Australia: Make good, 'fixtures' and the impact of the PPSA

Landlord and Tenant alert
Last Updated: 30 May 2013
Article by Rob Jarvin
Focus: Leasing and the PPSA
Services: Property & Projects
Industry Focus: Property

Make good obligations in leases often bring up questions of whether various items brought onto leased premises by tenants are fixtures or chattels. This article looks at the question of fixtures and whether the Personal Property Securities Act 2009 (Cth) (PPSA) has any impact on the issue.


The current trend for most commercial and retail leases is to specify a "back to base building" make good covenant which requires a tenant to remove all fitout and equipment, regardless of whether it has been installed by the tenant or the landlord. The premises are then essentially returned to an empty shell, ready for the next occupant to come in and install its own fitout.

Not being in the business of "de-construction" or "project management", some tenants elect to negotiate a make good payout with their landlord to absolve themselves of the make good obligations under the lease. The tenant will then simply remove its loose equipment and vacate the premises on the lease expiry date. However, the default position will usually be that the tenant is obliged to make good the premises prior to lease expiry.

A variation on the default position may arise where the landlord does not actually want the tenant to completely remove the fitout. For premises such as restaurants, food outlets, bars, medical centres, gyms and purpose-built industrial facilities, there may be specialised fitout which is substantial and suited to a particular use of the premises. The premises may not be lettable for any other type of business without substantial reconfiguration or capital works. In those instances, the landlord's preference may well be for the tenant to leave part, or all of the fitout in the premises.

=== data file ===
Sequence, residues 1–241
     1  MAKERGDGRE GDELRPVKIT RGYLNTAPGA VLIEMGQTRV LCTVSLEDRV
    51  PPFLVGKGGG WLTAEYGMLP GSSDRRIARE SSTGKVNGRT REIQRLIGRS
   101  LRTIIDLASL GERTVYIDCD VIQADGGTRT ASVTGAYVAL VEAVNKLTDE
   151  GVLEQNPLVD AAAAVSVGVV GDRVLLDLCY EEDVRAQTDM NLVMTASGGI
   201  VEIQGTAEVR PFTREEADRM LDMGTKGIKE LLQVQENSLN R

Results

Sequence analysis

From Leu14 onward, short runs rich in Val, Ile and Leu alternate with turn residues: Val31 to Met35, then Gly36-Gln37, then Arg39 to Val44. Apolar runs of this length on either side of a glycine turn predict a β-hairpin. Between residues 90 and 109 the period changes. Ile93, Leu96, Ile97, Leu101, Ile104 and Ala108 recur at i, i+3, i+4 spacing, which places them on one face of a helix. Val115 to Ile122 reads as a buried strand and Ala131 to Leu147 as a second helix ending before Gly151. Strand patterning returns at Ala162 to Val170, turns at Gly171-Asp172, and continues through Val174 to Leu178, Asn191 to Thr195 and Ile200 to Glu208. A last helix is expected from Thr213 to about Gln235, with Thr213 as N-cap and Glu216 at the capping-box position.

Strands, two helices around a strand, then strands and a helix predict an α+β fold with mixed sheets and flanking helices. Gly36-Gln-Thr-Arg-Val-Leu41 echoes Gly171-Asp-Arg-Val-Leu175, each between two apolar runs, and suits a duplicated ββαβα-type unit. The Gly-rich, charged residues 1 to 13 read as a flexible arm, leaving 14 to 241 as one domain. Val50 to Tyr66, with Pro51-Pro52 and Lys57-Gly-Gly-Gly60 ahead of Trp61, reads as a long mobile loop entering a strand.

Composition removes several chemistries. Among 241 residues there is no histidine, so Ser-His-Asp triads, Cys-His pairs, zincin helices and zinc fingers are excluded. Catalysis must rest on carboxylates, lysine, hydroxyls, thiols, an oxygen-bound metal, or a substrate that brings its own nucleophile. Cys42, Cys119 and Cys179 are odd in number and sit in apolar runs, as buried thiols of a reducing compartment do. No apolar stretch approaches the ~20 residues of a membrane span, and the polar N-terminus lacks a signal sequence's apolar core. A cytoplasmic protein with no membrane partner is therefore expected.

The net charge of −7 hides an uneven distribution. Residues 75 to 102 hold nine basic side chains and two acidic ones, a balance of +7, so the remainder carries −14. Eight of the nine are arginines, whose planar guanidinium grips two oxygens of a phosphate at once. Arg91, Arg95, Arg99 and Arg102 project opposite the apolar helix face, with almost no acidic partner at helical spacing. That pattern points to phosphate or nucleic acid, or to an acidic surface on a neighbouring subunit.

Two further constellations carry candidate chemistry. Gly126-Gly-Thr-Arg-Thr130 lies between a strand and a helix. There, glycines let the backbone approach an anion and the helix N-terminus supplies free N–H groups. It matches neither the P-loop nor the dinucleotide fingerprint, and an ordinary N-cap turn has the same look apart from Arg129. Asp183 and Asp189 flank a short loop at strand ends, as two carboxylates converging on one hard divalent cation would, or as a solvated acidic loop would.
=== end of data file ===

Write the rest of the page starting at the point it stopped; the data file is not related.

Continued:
In the case of a standard office fitout, the cost of removal may potentially exceed any value in re-using or on-selling the fitout. In these circumstances, landlords would tend towards requiring a full make good. However, in the case of a restaurant fitout for example, there is a secondary market for large equipment such as fridges, cool-rooms, ovens, fryers and the like. Here the tenant may prefer to carry out a full make good with the intention of removing and selling or re-using those valuable items. As such, there may be competing interests between the tenant who wants to remove the fitout and the landlord who would prefer that it remain on site on lease expiry.

Where a lease is not clear as to who owns certain items of fitout or the parties are in dispute about the interpretation of the make good covenant, the question may arise as to whether a particular part of the fitout constitutes a chattel or a fixture.

The law of fixtures

The law of fixtures has a long history, with the common law setting down criteria as far back as the 1872 English case of Holland v Hodgson which dealt with looms being fixed to the floor of a mill. Mercifully this article is not intended to be a dissertation on the case law in the area. Nor does it aim to provide a simple answer to the question of 'what is a fixture?' The answer to that question will necessarily depend on the specifics of each individual situation.